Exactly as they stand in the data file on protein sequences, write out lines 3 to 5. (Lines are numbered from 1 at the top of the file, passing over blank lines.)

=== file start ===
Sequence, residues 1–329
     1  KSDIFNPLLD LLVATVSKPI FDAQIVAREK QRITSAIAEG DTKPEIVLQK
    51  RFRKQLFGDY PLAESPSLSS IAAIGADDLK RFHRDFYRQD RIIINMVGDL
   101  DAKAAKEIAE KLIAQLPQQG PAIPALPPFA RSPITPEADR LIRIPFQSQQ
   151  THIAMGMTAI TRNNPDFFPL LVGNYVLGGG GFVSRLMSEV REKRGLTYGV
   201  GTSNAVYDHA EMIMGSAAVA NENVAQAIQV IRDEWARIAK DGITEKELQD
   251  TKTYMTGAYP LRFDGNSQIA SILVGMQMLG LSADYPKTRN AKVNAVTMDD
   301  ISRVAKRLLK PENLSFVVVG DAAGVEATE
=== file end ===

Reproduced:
    51  RFRKQLFGDY PLAESPSLSS IAAIGADDLK RFHRDFYRQD RIIINMVGDL
   101  DAKAAKEIAE KLIAQLPQQG PAIPALPPFA RSPITPEADR LIRIPFQSQQ
   151  THIAMGMTAI TRNNPDFFPL LVGNYVLGGG GFVSRLMSEV REKRGLTYGV